One way to look at the invariant symmetric forms is by noting that they describe one dimensional central extensions of the loop algebra $L\mathfrak{g} = \operatorname{Maps}(S^1, \mathfrak{g})$. As a vector space, you have a direct sum $L\mathfrak{g} \oplus \mathbb{R}K$, and in order to get a Lie algebra structure that has a Lie algebra surjection to $L\mathfrak{g}$ with central kernel, it is necessary and sufficient that the bracket restricted to the $L\mathfrak{g}$ summand be given by:
$$[f,g]_{\hat{\mathfrak{g}}} = [f, g]_{L\mathfrak{g}} - \phi(\operatorname{Res} fdg)K. $$
for some invariant form $\phi: \operatorname{Sym}^2 \mathfrak{g} \to \mathbb{R}$.

Given a pointed map $BG \to K(\mathbb{Z},4)$ (called the level), you can apply the loop space functor twice to get a two-fold loop map $\Omega G \to K(\mathbb{Z},2)$. Two-fold loop spaces (that are grouplike) are abelian groups up to homotopy, and two-fold loop maps are homotopy abelian homomorphisms. In this case, homotopy classes of two-fold loop maps classify the data of an $S^1$-bundle on the loop group, together with a multiplication that makes it a central extension, up to isomorphism. Delooping this twice gives you a correspondence with elements of $H^4(BG,\mathbb{Z})$.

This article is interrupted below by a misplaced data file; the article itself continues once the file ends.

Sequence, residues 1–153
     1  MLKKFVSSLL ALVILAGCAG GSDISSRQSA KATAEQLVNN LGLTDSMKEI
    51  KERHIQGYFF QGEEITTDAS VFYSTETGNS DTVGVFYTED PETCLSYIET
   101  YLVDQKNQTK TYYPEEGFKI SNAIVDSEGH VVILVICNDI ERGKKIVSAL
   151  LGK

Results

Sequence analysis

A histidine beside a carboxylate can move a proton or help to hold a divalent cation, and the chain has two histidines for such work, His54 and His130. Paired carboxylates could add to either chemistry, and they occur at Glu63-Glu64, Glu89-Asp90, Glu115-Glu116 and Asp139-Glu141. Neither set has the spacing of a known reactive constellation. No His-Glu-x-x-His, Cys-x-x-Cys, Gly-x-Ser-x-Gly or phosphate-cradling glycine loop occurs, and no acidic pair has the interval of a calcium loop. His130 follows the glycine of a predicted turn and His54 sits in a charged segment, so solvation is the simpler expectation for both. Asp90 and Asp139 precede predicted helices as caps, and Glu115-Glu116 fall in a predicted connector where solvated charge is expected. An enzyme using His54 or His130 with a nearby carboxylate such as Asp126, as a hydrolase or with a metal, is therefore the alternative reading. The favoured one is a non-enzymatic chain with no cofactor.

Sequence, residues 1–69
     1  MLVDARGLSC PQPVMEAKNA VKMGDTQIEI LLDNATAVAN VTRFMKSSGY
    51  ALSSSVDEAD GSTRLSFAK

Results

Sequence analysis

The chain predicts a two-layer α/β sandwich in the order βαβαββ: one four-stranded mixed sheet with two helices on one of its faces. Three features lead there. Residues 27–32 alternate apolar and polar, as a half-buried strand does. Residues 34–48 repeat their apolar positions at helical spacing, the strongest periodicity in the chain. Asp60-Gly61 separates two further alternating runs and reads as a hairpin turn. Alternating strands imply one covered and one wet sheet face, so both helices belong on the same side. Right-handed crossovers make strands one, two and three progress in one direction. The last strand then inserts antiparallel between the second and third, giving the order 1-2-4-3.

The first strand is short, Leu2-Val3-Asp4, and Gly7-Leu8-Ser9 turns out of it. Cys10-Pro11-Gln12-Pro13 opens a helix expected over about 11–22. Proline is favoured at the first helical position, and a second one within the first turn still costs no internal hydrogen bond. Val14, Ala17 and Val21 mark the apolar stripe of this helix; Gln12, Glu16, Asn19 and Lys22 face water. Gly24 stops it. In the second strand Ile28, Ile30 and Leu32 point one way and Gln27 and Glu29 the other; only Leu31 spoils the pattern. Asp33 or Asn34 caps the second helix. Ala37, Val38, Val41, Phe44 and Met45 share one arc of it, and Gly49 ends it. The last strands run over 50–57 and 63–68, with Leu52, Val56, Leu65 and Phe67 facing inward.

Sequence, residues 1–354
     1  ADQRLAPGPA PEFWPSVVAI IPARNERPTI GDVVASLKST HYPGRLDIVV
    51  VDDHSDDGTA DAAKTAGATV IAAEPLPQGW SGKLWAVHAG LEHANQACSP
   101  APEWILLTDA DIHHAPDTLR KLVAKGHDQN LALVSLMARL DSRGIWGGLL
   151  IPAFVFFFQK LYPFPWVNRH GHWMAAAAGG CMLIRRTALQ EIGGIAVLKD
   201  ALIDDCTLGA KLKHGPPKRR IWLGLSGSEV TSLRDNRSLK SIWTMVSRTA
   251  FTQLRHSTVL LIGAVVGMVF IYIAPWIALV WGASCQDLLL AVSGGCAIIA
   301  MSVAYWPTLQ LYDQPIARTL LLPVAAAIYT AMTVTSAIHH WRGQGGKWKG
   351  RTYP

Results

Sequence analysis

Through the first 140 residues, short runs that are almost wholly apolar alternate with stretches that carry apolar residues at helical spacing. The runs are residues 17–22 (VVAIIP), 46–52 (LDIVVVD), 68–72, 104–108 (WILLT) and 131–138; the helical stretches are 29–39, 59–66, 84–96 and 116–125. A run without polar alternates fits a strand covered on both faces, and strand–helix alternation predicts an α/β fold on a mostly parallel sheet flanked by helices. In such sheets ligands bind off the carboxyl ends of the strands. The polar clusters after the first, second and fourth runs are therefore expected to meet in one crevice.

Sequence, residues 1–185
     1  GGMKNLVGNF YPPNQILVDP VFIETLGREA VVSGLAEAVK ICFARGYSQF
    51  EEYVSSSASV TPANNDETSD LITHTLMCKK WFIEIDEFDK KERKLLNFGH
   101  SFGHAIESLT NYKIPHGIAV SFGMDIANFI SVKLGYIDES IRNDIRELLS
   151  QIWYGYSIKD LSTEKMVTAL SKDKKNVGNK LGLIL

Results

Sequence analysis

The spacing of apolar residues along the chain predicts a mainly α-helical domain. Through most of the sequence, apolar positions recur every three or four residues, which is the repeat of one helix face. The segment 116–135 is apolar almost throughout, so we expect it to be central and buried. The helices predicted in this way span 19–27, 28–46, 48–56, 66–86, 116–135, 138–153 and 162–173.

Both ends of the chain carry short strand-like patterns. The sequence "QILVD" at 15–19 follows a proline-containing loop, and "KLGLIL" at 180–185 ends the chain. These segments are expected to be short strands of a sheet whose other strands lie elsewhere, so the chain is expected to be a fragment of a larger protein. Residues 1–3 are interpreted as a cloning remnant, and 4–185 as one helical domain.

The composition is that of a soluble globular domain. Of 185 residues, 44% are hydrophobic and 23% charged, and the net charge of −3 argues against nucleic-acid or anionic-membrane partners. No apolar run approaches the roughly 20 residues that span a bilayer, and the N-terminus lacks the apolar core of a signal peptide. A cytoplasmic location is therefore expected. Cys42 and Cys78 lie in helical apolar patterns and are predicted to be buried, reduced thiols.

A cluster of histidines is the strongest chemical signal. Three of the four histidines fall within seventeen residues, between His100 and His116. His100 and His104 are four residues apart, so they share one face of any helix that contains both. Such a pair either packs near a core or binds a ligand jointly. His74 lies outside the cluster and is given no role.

Unfortunately, I am rather unfamiliar with the details of the remaining steps, namely switching to real coefficients, and passing from the loop group to its Lie algebra.